I’m sorry to say it, but the liberals have taken over BYU.  Perhaps it happened when Jon McNaughton warned of it years ago. Or maybe they must have taken it over in 1909 and 1925, when the First Presidency stated that the Church does not have an official position on evolution, these statements officially reiterated and published and distributed by the BYU Board of Trustees in 1992. Or perhaps it just happened on February 19th, when a cabal within the Honor Code Office finally put their long term plans into motion. To read many responses to the recent changes in the BYU Honor Code, one would imagine this to have been the result of a Provoan Game of Thrones struggle. (Less green death fire.  More green death jello.)   

Some people have reacted negatively to the change because they simply do not want to see two men or women being affectionate:
-“Are students and parents who are uncomfortable seeing homosexual behaviors on campus just supposed to get used to it or leave?”
-“Are we going to see gay couples at BYU? Are we going to see increasing displays of gay pride and professors who don’t care about the Church’s standards?”
-“Even if we don’t allow homosexual relations, our tents have been pitched towards Sodom. Along our trajectory, there will be a steady decline in the morality of students attending BYU.” 

There’s more to it though.  A good portion of the negative comments regard the idea of even allowing such behavior on BYU’s campus.  By not punishing two guys holding hands, the thinking goes, we tacitly encourage their path to gay fornication. They feel that even to date, hold hands, and kiss (DHHK) is to blatantly violate the law of chastity:
-“What is the point of dating as Latter-day Saint young adults? It is to find a spouse and to get married and sealed in the temple.”
-“Pursuing romantic relationships in the direction of spiritual death is not okay.”
-“Even hand holding and kissing is a dead end, as those things eventually lead to more physicality in a relationship. Why would we encourage people to go down that road?”
And probably my favorite comment of all:
-“The HC change is a beautiful call.  It dares the rot to proudly present itself and will force the Mormies to take their heads out of the sand and choose a side. I’m also hopeful it will force the average male student to Chad up so he’ll avoid any confusion as to which way he swings.”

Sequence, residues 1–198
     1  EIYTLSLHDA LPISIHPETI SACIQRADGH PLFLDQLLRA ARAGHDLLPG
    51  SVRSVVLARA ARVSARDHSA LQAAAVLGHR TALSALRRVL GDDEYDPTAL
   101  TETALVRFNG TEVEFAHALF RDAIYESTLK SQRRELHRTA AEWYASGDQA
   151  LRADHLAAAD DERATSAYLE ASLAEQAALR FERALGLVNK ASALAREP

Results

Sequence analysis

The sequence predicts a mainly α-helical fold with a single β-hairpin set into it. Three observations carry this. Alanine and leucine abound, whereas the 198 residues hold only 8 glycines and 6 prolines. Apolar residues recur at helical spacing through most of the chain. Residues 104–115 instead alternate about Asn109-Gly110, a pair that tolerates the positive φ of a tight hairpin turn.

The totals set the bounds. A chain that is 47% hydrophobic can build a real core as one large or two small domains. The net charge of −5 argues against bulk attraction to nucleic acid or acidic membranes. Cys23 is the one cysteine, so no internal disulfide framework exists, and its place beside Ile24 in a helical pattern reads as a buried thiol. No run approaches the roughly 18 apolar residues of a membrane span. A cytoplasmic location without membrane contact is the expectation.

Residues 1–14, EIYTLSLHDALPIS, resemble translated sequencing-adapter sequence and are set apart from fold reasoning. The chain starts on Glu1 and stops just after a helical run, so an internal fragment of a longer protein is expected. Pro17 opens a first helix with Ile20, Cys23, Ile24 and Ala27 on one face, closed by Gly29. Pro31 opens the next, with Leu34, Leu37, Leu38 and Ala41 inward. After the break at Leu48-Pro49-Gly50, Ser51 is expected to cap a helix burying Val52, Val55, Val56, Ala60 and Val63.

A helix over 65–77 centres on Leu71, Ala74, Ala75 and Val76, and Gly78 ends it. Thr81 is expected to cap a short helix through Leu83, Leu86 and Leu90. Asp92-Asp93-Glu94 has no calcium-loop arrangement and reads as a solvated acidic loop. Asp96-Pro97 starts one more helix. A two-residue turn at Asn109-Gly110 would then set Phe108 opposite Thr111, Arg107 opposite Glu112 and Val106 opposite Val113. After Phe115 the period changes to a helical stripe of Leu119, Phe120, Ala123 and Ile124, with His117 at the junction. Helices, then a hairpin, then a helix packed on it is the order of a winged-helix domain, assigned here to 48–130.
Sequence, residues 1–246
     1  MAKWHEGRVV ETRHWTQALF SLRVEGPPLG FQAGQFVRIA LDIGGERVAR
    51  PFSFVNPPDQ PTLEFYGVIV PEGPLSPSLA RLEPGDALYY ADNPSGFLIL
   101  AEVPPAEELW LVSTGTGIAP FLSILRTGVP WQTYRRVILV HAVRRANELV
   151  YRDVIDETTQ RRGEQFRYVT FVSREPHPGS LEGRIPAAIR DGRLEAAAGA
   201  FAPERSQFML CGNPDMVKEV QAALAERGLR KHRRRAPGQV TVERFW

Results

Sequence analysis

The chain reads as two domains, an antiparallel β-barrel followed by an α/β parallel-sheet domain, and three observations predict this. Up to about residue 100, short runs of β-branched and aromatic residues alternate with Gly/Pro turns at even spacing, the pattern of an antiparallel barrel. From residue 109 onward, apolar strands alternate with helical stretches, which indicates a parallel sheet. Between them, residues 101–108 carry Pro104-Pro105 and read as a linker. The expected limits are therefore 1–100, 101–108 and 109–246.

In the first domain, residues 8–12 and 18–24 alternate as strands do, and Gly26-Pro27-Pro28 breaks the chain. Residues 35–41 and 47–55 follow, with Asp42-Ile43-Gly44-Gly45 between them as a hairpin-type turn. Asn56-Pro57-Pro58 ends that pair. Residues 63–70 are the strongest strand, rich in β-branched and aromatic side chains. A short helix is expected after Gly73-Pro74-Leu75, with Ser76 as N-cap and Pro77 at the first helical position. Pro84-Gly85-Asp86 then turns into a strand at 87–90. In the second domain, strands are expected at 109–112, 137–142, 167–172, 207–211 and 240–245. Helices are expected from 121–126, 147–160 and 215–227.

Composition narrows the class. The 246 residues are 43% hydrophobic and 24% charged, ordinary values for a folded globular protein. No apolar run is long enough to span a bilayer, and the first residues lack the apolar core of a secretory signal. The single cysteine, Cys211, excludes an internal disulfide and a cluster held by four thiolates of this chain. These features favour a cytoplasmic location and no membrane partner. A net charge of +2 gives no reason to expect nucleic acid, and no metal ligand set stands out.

Some of the responses related to the concern that education in the humanities tends to decrease faithfulness in the church: 
-“For whichever of the possible factors educated humanities types tend to falter, one can imagine these factors are likely in play for BYU professors focused on the humanities. Pity them. Love them. And perhaps at times remind them that their opinion and “reality” isn’t universal to all smart people.”

The reality is, these professors pretty much exist in all departments at BYU.  They exist in the physical and biological sciences, where I was taught on much of the overwhelming research through the years that did not support the Church’s repeated narrative regarding gay individuals.  They exist in the Marriott School of Management, among all the professors that repeatedly have to fight against mysogyny, myopic points of view, and gay bashing that exists among incoming MBA students. (Much of which my friends in the MBA program directly encountered from other students.)  And they exist in the ecclesiastical leaders and religion faculty, who actually have interacted with gay individuals, realizing that none of the choices available to them within the church are good ones, and as such, recognize the moral dilemma these individuals face.    

Here are some things I feel I have to reiterate to individuals behind some of these responses: